The coldest air yet of the winter season — by far — is on its way south from Canada, as the Polar Vortex vacates its home in the Arctic to pay the U.S. a visit. Ahead of that Arctic air will be another major snowstorm for the Northeast, less than a week after the region saw its biggest snowfall in years.
Both of these weather systems will mark the beginning of the coldest week of the winter in the eastern half of the nation, and the cold may stick around at least through the middle of the month. This is all due to very slow moving and blocky steering winds pushing weather systems out of their normal locations and locking the pattern in place for long stretches of time.
The Arctic air is already invading the Upper Midwest, with temperatures expected to be below zero by Saturday morning from Montana to Wisconsin. On Sunday, the cold air will penetrate further south and east into the Great Lakes and mid-Mississippi Valley. Wind chills will range from a mind-numbing -30 to -40 degrees Fahrenheit in the Upper Midwest in places like Fargo and Minneapolis, to a bitterly cold -20 in Chicago.
This push of Arctic air is due to a rather convoluted pattern across the Arctic and Polar regions, which started to evolve in early January. At that time, a phenomenon known as a Sudden Stratospheric Warming took place high above the North Pole in which the temperatures 50,000 to 100,000 feet above the ground spiked 100 degrees Fahrenheit in a few days. This is a natural occurrence which happens, on average, every couple of years.
CBS News wrote about the phenomenon at around that time, and projected winter's wrath would arrive later in January. That's because about two weeks after the stratosphere rapidly warms, the event typically reaches the surface and throws weather patterns off-kilter in the Arctic.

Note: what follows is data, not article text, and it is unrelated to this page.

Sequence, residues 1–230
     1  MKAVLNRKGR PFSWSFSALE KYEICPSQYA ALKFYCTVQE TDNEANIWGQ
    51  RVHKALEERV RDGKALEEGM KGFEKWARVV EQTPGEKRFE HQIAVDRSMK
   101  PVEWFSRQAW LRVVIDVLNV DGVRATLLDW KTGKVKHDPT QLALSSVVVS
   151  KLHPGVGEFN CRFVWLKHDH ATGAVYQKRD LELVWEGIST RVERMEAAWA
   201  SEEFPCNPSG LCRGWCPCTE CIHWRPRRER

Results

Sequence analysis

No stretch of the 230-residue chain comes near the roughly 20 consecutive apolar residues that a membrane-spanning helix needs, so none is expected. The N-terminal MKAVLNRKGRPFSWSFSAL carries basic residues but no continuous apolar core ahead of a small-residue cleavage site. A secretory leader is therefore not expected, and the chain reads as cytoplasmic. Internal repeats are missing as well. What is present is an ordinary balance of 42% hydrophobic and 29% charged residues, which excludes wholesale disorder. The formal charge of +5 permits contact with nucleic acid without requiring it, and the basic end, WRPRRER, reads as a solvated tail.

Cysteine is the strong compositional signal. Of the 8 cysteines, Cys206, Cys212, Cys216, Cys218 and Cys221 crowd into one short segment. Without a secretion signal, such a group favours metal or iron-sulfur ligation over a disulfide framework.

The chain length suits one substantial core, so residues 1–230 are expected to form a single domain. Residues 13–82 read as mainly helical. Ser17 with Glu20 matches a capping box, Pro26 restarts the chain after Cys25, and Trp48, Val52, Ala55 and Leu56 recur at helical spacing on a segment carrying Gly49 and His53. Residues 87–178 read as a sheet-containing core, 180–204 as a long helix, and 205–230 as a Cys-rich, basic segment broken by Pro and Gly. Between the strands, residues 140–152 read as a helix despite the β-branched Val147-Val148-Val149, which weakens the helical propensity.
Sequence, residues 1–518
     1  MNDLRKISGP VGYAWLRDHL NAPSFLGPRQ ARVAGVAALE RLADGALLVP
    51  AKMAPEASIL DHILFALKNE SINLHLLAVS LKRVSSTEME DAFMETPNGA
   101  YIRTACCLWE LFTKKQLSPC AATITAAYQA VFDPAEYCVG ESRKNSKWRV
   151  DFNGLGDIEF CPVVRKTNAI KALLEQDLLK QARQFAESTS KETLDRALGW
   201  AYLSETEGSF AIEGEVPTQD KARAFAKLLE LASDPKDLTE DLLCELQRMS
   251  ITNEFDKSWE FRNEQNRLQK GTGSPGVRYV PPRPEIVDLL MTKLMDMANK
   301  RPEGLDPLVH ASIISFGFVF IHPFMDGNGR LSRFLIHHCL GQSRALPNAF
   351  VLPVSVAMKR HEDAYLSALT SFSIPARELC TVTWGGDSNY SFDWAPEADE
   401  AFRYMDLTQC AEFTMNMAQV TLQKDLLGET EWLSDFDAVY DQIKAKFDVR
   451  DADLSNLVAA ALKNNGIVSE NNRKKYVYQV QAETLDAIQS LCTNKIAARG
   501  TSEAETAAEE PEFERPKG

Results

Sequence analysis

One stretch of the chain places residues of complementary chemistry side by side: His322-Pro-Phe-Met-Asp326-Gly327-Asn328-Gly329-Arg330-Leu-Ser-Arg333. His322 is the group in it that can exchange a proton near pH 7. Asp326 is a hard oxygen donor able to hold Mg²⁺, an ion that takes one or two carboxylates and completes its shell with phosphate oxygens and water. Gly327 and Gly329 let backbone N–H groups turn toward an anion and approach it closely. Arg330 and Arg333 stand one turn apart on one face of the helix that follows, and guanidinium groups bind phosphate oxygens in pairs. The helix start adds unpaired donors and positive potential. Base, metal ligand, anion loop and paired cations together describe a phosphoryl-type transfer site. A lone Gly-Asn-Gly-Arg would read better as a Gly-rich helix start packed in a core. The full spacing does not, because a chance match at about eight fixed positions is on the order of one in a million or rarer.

In this case, the event helped bolster a mountain of unusually warm air near Greenland, known as an atmospheric block. That block forces the jet stream to steer around it and the cold air is displaced south from the Arctic to the mid-latitudes.
The cold air doesn't always land in the same locations. Last month, the first batch of Arctic air settled into Siberia where temperatures dropped to -73 degrees Fahrenheit. A modified version of that airmass is now moving to the other side of the globe into Southern Canada and the northern tier of the U.S..
The gigantic arctic air mass that'll be lurking on the CONUS's doorstep next week originated over Siberia in late January. Siberian express 🚂🚂🚂 pic.twitter.com/Ef0SewQF4C
— Eric Webb (@webberweather) February 4, 2021
On Monday, a small portion of the cold air mass will slip eastward, bringing colder air to the Northeast with wind chills in the single digits. But the bulk of the Arctic air will remain in the Midwest.
Ahead of the Arctic cold front, later Saturday and into Sunday, an area of low pressure will develop in the Tennessee Valley and slide into the Mid-Atlantic. Initially the snow is expected to be fairly light, but once the storm reaches the East Coast it will get much heavier.
Snow will develop from the Plains to the Ohio Valley Saturday and Saturday night. A general accumulation of a couple to a few inches will fall from Missouri to Kentucky and Tennessee.
The main event will take place on Sunday as the storm intensifies along the Eastern Seaboard. Heavy snow is expected from Washington, D.C., to Philadelphia and New York City to Boston. Just like last weekend, snowfall rates will once again accumulate at 1-2 inches per hour. But this time, the storm will move much faster, so the event will only last about eight hours.
However, even with its rapid movement, the intensity of the snow combined with a very cold atmosphere should allow 5 to 10 inches of snow to fall, with some isolated amounts up to a foot. The heaviest band should set up over the I-95 corridor from D.C to Boston.
The snow will move out on Sunday night, but the cold air will linger for most of the upcoming week — meaning the snow on the ground will likely remain for quite some time.